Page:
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Increased allergen levels in homes linked to asthma

Results from a new national survey demonstrate that elevated allergen levels in the home are associated with asthma symptoms in allergic individuals.

The study suggests that asthmatics that have allergies may alleviate symptoms by reducing allergen exposures inside their homes. The work was carried out by researchers at the National Institute of Environmental Health Sciences (NIEHS), the University of Iowa, Rho Inc., and the Constella Group. The team’s findings may help millions of Americans who suffer from asthma.

“Indoor allergen exposures are of great importance in relation to asthma because most people spend a majority of their time indoors, especially at home,” said Darryl Zeldin, M.D., a Principal Investigator in the Laboratory of Respiratory Biology at NIEHS and senior author on the paper.

Asthma is one of the most common chronic ailments in the United States, affecting more than 22 million people. Asthma has been shown to be triggered by a wide range of substances called allergens.

The findings, published online and available in the March issue of the Journal of Allergy & Clinical Immunology, show that exposure to multiple indoor allergens was common in U.S. households with 52 percent having at least six detectable allergens and 46 percent having three or more allergens at increased levels. The indoor allergens studied included those from dog, cat, mouse, cockroach, dust mite, and the fungus Alternaria.

The researchers used data from the National Survey of Lead and Allergens in Housing (NSLAH) to examine factors that contribute to high allergen levels in homes and to determine whether elevated household allergen levels were associated with occupants’ asthma status. The NSLAH, which was the first study to characterize how allergen exposures vary in homes at the national level, surveyed the homes of nearly 2500 individuals in 75 locations throughout the U.S. The survey was jointly funded by the NIEHS and the U.S. Department of Housing and Urban Development.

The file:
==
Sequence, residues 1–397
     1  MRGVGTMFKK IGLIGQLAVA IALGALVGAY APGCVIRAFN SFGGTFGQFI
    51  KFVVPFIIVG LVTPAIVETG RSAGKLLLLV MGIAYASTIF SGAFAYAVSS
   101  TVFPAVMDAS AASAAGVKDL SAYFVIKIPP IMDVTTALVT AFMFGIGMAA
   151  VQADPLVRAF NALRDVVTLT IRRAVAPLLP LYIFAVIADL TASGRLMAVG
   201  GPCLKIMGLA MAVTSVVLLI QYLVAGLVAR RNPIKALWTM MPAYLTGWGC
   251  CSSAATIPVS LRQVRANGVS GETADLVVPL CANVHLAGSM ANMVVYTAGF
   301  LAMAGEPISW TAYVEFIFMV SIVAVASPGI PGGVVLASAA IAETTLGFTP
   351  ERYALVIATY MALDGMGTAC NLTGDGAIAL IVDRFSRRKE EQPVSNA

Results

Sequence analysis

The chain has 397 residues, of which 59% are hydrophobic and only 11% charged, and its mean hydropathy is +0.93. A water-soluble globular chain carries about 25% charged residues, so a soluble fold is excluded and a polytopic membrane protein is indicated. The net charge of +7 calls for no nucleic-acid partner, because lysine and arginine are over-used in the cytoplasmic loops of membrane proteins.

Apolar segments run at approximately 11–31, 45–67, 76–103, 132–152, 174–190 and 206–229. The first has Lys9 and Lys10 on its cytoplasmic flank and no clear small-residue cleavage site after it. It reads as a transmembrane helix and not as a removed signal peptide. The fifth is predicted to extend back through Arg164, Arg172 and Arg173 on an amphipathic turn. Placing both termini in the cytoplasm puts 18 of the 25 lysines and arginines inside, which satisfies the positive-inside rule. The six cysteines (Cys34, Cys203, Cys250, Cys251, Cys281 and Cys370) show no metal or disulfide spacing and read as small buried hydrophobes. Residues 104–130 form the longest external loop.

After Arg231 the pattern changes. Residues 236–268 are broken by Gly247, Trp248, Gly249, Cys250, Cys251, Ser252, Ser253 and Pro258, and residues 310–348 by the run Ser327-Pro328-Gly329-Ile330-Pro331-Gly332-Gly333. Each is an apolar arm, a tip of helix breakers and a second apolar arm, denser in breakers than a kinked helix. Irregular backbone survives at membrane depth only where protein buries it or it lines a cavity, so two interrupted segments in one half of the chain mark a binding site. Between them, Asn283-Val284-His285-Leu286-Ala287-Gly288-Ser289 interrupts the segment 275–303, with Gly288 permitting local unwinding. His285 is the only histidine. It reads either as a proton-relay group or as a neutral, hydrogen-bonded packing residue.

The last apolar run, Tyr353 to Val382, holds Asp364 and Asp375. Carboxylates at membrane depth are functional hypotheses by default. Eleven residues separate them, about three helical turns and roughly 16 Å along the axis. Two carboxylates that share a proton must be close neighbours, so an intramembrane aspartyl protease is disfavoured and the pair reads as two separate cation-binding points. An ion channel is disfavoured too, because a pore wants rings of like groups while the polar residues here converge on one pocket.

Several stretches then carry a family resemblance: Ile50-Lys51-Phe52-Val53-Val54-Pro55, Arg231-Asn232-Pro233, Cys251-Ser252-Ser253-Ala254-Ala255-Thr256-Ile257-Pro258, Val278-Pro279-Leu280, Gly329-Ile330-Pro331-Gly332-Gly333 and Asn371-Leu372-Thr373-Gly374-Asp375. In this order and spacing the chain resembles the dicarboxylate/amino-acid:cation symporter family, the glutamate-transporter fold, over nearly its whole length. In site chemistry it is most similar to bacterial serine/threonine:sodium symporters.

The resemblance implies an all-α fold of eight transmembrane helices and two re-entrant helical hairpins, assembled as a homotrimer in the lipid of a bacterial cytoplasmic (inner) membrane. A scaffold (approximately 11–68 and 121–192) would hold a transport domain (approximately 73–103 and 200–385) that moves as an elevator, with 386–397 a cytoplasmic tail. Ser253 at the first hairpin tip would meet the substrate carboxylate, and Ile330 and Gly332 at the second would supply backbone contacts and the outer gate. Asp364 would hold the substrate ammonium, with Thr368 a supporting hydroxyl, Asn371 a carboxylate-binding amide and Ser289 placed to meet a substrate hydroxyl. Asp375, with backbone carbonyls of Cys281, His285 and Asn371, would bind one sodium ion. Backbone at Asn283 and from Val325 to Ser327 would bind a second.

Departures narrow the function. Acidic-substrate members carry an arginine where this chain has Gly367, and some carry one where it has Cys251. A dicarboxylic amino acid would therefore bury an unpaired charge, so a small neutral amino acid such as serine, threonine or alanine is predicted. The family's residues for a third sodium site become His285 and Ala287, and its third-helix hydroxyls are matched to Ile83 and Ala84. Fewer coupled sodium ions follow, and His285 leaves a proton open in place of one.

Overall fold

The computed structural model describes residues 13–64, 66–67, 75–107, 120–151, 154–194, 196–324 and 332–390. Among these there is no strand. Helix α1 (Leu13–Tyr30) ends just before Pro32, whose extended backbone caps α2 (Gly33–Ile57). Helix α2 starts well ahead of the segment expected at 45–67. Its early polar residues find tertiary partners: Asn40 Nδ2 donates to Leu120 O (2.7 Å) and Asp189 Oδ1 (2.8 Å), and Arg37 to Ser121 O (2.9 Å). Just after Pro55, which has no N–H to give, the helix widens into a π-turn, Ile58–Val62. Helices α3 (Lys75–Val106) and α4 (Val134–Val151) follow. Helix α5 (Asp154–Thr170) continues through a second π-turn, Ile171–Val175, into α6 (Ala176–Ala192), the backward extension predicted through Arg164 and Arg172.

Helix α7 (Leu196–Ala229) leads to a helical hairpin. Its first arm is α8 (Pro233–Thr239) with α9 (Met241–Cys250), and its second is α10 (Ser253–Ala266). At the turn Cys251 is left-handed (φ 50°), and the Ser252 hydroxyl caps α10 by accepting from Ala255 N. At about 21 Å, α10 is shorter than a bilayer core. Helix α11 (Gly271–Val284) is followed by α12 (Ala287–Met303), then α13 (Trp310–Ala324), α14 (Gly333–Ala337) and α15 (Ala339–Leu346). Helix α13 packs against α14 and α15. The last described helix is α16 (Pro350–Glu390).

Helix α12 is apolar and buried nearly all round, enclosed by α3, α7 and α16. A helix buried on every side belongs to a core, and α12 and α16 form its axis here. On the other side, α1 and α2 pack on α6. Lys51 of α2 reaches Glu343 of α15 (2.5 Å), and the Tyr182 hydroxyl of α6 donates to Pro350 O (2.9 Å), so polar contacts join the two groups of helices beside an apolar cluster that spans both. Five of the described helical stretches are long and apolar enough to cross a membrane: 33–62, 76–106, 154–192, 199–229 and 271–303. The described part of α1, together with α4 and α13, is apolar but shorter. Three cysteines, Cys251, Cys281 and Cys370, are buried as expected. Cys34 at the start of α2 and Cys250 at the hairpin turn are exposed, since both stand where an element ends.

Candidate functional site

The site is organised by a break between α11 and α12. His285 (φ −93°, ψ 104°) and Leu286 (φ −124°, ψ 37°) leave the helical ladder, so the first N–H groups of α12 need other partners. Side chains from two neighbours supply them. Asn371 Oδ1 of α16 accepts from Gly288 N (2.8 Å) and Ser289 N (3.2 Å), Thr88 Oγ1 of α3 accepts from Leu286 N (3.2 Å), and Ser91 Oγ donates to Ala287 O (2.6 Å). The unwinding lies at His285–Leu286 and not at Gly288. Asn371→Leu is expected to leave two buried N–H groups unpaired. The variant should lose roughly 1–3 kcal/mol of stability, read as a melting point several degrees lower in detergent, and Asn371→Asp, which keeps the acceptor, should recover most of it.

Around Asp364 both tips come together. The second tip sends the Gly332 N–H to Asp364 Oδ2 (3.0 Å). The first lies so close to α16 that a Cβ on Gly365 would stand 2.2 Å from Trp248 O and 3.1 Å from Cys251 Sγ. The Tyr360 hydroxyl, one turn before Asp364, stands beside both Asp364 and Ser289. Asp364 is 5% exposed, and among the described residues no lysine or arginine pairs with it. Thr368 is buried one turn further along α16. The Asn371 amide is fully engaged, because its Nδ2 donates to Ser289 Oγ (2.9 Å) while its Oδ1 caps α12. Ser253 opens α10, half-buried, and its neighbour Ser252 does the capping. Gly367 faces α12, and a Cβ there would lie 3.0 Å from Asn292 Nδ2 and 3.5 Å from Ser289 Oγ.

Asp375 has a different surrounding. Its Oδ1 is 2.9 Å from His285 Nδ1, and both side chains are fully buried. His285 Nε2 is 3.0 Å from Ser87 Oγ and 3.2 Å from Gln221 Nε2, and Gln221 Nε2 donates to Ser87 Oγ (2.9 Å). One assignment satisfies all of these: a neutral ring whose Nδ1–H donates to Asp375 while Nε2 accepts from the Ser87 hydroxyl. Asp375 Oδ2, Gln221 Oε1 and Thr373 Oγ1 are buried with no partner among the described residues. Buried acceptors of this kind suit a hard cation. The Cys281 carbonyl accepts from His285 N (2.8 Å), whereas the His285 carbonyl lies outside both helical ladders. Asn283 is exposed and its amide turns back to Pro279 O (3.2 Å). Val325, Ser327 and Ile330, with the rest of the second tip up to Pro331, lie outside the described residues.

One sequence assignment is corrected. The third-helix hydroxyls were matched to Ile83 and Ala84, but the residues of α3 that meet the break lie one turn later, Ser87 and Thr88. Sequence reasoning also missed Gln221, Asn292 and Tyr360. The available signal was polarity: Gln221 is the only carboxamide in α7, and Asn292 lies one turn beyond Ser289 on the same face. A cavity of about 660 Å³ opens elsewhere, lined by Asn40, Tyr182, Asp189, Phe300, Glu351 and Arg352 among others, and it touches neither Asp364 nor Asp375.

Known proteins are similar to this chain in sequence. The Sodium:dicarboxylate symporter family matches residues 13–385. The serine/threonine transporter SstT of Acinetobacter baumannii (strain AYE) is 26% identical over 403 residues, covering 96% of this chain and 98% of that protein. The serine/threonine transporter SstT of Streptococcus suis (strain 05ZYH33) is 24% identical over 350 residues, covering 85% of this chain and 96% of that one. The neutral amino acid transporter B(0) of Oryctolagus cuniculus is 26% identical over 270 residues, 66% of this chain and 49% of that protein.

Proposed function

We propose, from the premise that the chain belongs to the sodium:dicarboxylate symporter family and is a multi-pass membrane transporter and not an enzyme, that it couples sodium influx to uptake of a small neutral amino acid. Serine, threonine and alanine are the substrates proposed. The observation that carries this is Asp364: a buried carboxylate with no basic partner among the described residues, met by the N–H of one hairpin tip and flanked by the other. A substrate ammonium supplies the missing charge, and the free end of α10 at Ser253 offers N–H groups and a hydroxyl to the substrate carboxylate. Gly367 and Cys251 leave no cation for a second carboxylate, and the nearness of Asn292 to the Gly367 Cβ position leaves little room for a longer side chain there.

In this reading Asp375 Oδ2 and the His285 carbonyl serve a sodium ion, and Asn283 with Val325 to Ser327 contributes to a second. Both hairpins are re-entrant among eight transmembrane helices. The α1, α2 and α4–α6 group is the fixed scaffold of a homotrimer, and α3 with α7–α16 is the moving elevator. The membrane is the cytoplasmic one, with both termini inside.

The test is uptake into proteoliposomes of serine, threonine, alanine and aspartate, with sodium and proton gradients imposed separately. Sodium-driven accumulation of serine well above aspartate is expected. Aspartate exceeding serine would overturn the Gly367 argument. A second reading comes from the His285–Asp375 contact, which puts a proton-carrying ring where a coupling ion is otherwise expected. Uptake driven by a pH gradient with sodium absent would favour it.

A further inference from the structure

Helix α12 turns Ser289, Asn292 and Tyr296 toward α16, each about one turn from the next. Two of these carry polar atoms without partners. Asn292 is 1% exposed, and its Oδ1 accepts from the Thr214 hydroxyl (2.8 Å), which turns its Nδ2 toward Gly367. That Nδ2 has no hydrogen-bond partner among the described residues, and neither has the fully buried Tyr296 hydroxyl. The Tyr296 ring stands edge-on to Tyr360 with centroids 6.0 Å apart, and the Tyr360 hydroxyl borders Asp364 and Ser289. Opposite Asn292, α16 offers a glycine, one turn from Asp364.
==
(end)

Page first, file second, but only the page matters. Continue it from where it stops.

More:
Several factors were found to contribute to the increased concentrations of allergens, including race, income, type of home, and sources of allergens, such as presence of pets and pests. The study also showed that homes with children were less likely to have high allergen levels. The authors noted that this finding may not be surprising since homes with children may be cleaned more frequently than homes without children. Regular household cleaning is a simple yet effective regimen that helps to reduce the overall exposure burden.

According to lead researcher Päivi Salo, Ph.D., of NIEHS, the study provides useful information to asthma patients. "Our results highlight the importance of reducing exposure to allergens as a fundamental part of asthma management,” she said. “Although homes cannot be made allergen free, asthmatics that have allergies may need to do a better job in reducing allergen levels in their homes to improve asthma control.”

This finding is the first to provide information on total allergen burden in U.S. homes and how it relates to asthma. “This study confirms that indoor allergens play a major role in asthma,” Zeldin stated.

Salo and her co-authors, however, point out that more research is needed to understand the complex relationships between genetic and environmental factors that cause asthma, particularly the role that indoor allergen exposure plays in the development of asthma. “Although reducing allergen levels in the home may not prevent individuals from developing asthma, reducing exposure levels is crucial for those whose asthma is allergic in nature.” Zeldin concluded.

Robin Mackar | EurekAlert!
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